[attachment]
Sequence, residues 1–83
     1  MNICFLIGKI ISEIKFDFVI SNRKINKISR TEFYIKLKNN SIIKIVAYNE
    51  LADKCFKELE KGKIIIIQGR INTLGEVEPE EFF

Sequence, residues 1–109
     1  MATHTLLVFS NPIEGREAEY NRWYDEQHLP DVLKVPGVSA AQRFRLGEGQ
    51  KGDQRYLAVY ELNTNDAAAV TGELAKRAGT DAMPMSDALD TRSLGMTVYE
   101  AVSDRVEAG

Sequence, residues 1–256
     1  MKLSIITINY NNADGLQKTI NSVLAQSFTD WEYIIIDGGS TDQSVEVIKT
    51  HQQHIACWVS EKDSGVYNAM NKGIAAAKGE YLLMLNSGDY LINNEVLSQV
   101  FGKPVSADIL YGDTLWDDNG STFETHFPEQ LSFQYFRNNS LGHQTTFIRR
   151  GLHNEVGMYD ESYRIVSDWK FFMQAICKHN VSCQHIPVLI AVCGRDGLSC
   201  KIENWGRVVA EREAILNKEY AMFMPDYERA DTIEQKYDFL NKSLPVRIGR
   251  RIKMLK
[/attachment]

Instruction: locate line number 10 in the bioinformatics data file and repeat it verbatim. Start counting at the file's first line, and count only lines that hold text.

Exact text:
    51  HQQHIACWVS EKDSGVYNAM NKGIAAAKGE YLLMLNSGDY LINNEVLSQV